With public health stretched thin, EMS catches the fallout
Cuts to vaccination and screening programs mean a bump in service calls — how do we capitalize?
By Arthur Hsieh
You probably recognize the implications of a report from The Trust for America’s Health and the Robert Wood Johnson Foundation detailing the effects of state health spending cut-backs for the health system’s safety net, EMS. Most systems see a rise in service calls during the winter months as the flu and cold season kicks into high gear. Without a comprehensive screening and vaccination approach to infectious diseases, it becomes more likely that outbreaks will swamp prehospital and emergency department services, making it more difficult to respond to other calls.
Public health has historically not been part of the language of EMS, even though we are often operating under its auspices. Much of the work that public health does is behind the scenes and unglamorous. In some ways it’s very much the opposite of what EMS does: While we work on one patient at a time, in a reactionary mode, public health workers implement their care at broad communities and focus on reducing the rate of incidence of disease and illness.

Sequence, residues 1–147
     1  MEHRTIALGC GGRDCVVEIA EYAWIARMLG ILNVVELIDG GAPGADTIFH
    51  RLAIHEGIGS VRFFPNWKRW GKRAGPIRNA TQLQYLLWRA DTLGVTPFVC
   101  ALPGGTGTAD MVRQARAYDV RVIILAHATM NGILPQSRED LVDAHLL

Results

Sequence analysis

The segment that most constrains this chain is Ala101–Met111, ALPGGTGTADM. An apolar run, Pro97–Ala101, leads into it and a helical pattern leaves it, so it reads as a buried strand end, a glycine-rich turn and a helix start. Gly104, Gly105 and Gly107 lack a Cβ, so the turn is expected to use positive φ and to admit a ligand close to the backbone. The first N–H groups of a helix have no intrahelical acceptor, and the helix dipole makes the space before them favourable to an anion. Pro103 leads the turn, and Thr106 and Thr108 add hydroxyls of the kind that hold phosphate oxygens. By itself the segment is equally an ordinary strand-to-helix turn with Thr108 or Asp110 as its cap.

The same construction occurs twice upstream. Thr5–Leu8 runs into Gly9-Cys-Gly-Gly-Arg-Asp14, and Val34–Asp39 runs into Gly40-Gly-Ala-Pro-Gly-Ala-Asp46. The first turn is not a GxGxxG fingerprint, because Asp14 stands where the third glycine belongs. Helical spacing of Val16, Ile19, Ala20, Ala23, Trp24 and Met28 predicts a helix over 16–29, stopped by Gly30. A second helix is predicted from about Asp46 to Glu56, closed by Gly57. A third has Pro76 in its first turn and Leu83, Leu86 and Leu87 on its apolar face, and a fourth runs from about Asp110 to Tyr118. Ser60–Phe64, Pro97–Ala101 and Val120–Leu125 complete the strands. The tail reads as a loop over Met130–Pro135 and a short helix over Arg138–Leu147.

We’re beginning to see the intersection of these two delivery models, with EMS providing vaccinations and implementing safe housing checks. It’s likely that, as money continues to dwindle for overall health services, there will be more pressure to multitask and create synergies among delivery models.